Nike-owned Converse, the company responsible for the Chuck Taylor All Star shoe, is suing to stop other shoemakers from copying what it says are distinctive elements of its design: the rubber toe cap, the rubber bumper and two thin, black stripes.
Similar shoes are available from a number of retailers. Take a look at some of the copycats and you’ll see that they bear a strong resemblance, from the soles to the stitching. But in fashion, imitation isn’t necessarily illegal.
NYU law professor Chris Sprigman tells NPR’s Arun Rath that this might be a steep, uphill battle for Nike.
“The law basically says that elements of a design of a product — be it a shoe or anything else — that are functional cannot be protected by trademark law,” Sprigman says.
Sprigman says early advertisements from Converse label the rubber bumper as functional, and that the toe cap is clearly functional as well. That just leaves the stripes, which other shoes have featured for decades.
Sprigman says copying in fashion is common.
“New styles appear, they become widely copied [and] the copying signals that a trend has taken hold,” he says.
People buy into that trend, he says, because they want to be in fashion. As the copying continues, the early adopters see the rise of imitators and jump off, and the trend dies, he says. They then jump on the next trend and the fashion cycle begins again.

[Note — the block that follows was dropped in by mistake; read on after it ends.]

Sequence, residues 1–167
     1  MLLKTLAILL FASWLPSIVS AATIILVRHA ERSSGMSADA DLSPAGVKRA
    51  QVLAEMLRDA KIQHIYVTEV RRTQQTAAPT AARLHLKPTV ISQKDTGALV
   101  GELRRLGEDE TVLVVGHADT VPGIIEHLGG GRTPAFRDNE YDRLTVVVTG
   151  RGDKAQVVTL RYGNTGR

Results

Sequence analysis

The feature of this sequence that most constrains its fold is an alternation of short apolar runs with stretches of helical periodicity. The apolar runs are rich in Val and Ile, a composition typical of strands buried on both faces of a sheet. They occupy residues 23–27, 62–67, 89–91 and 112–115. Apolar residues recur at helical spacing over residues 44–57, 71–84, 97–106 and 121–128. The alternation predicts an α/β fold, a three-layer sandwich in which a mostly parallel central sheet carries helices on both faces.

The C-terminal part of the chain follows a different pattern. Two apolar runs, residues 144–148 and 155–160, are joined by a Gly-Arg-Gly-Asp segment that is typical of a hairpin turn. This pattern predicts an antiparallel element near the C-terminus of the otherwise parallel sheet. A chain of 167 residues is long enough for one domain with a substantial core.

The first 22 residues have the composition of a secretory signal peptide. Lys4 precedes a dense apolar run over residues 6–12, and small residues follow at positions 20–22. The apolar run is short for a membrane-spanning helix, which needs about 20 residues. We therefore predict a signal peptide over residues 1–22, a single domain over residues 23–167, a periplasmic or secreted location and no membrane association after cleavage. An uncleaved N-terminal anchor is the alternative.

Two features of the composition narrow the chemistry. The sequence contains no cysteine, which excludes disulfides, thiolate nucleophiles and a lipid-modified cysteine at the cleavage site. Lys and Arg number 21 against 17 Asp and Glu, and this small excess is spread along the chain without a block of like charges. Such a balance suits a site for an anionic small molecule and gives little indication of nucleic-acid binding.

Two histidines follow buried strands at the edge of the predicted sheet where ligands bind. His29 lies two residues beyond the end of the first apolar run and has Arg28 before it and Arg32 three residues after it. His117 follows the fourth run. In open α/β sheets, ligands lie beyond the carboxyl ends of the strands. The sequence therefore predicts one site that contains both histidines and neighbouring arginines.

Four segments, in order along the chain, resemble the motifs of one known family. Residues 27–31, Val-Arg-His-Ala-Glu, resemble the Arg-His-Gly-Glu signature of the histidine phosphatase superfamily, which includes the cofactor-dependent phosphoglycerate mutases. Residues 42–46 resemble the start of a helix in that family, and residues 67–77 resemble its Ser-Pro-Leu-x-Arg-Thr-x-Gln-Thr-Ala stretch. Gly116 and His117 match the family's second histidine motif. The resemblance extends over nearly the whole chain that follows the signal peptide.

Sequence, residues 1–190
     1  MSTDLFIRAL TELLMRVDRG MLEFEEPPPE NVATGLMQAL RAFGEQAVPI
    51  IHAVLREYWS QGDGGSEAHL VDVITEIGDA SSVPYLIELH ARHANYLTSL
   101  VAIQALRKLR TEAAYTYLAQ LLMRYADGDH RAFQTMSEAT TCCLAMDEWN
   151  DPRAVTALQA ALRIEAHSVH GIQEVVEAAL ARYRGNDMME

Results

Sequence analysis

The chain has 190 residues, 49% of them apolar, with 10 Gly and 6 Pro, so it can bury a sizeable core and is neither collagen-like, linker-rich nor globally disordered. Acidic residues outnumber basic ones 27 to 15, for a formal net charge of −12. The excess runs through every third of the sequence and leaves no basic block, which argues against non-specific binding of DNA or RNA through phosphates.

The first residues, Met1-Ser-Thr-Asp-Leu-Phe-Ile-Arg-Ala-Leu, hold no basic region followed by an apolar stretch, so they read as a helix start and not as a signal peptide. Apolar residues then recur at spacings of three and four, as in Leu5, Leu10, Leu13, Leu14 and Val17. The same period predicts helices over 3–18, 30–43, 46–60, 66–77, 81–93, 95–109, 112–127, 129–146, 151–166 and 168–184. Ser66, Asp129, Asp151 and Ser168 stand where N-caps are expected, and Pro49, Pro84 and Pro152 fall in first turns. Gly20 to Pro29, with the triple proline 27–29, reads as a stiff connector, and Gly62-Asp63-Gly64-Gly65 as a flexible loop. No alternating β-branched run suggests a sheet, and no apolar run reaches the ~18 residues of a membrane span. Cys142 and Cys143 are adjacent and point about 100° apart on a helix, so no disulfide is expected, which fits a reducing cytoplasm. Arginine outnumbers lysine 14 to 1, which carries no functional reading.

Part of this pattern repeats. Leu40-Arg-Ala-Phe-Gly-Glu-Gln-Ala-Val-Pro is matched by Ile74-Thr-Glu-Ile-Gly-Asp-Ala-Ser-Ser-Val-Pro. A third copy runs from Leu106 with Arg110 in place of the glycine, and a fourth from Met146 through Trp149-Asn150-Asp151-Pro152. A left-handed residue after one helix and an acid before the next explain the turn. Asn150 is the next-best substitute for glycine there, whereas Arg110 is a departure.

“So without copying, paradoxically, the fashion industry would be smaller and less innovative and poorer,” he says.
What Nike has in its favor, Sprigman says, is that the iconic Converse star is protected, so the copies can’t use that logo. So with the copying signaling that the shoe is coming back into style, the star mark gains cachet among the fashion-conscious and makes the real Converse more exclusive, possibly to the benefit of Nike.
Applying copyright to fashion, Sprigman says, doesn’t work the same way as applying it to other creative mediums like film or music. He says copyright law is meant to “incentivize the creation of new art, literature, science [and] technology.”
“If we have an area of creativity where we don’t need these properties rights to incentivize production, then maybe we shouldn’t have them,” he says.
Fashion is a good example of this, he says, where there is already a lot of innovation and competition. He says applying copyright law there might actually slow down innovation and increase the cost of clothes.
“It’s not really the question whether we should have copyright just because it’s expression. The question is whether copyright or trademark or patent is necessary to bring us innovation,” he says. “I think the answer is sometimes yes, sometimes no — it depends on the kind of expression or innovation you’re talking about.”